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MAYOR SHOULD GIVE GAUGHAN A CITY JOB

Kevin Gaughan's entry into the world of politics was short-lived. He let it be known that he was interested in becoming mayor of Buffalo, but after firing his opening salvo, he faced the realities of pragmatic politics. He shelved his ambitions when the Erie County Republican Committee joined the Democrats in endorsing incumbent Mayor Anthony M. Masiello's re-election bid.

But Gaughan isn't giving up his political ambitions. He's marking time now, and if his past record of perseverance in pursuit of his goals is any indication, we'll be reading much more about him in the near future.

It's a plus for all of us in Erie County that the Hamburg attorney who made a name for himself in putting together several important conferences in the face of seemingly impossible odds is now making himself available for elected office or appointment to a public position.

He is now a Buffalo resident, having rented a Delaware Avenue apartment in the city to meet residency requirements that would have come into play had his mayoral aspirations come to fruition. He intends to maintain that residence, and that leads to a proposal that I believe makes eminent good sense.

Gaughan is intelligent, dedicated to regional approaches to civic problems and highly motivated to improve government. He's proven his ability to work with individuals, corporations and foundations to secure financing for ventures that most said never would get off the ground. I was one of those skeptics back in 1997 when he talked to me about his ambitious plan for a conference on regionalism at Chautauqua Institution.

When he started his quest for funding the conference, he heard the word "no" time after time, but he never gave up and finally convinced Michael Lipsky, program director for the Ford Foundation, that regional governance was an issue worthy of full exploration. The foundation agreed to financially support the Chautauqua effort, and this led to additional support from the Baird Foundation, the Mark IV Foundation, the Paul Koessler Foundation and the Gebbie Foundation of Jamestown, among others.

Given this record and his fine relationship with and respect for Masiello, I would suggest that the mayor ask Gaughan to join his administration in a policy planning and execution role. The mayor has been criticized for some of his staff appointments, and bringing in someone of Gaughan's stature would show his determination to improve governance. Gaughan would be a fine liaison with the Giambra administration in furtherance of regional approaches and could contribute ideas in other areas, bringing a fresh perspective to city government.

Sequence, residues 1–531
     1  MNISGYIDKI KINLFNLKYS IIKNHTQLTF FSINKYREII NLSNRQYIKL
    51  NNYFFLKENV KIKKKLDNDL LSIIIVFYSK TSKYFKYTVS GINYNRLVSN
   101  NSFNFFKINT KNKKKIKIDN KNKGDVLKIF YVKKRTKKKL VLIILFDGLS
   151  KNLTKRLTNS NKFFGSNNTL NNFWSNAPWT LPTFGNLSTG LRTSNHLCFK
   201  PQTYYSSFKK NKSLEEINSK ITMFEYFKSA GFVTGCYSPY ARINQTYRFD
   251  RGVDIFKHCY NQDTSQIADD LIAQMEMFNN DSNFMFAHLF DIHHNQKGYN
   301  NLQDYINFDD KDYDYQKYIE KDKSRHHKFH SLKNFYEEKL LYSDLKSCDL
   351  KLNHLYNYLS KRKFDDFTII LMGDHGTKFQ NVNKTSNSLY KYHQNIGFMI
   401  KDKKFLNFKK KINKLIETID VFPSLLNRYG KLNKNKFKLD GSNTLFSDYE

Given the mayor's strong feeling about the need for waterfront development, Gaughan could be a major contributor to that effort. It was Gaughan who put together the September 2000 Canal Conversation that resulted in broad support for restoration of the canal's western terminus.

A Masiello appointment of Gaughan would be a good move politically for the mayor, indicating he has no animus for the man who had been seeking Republican endorsement to oppose him in his mayoral run. Gaughan, incidentally, has been a lifelong Democrat, like his illustrious attorney father, the late Vincent Gaughan. He sought the Republican endorsement for mayor, knowing that the Democrats would not desert their incumbent.

Gaughan believes that Americans today are much more interested in results from government officials than in party loyalty, and that collaboration between parties is important for progress. He does, however, continue to profess his support for Democratic Party ideology.

Gaughan believes that the central urban district is emerging as the vital element in America. He points to the recent census showing population growth in some cities. He says that ultimately, three or four U.S. cities will emerge as major forces and, ever the optimist, he believes Buffalo can be one of those if all elements in the community work together to "overcome some sentiments."

His agenda for attaining this goal includes strengthening our schools, completing development of the waterfront, governmental reforms in City Hall and restoration of parks. Attracting young families to settle in the city is vital for future progress, he emphasizes, and his agenda is directed toward making that happen.

Reducing fragmented government and restoring a shared community across social, racial and geographic lines continue to be concerns of Gaughan's. Local planning decisions, he says, must consider regional purpose and "smart growth" principles.

Kevin Gaughan fired, and then fell back, in his latest political venture. But his record of persistence indicates that he'll continue to reach out to attain his new goal of political recognition. It's a path that will be interesting to watch.

MURRAY B. LIGHT is the former editor of The Buffalo News.

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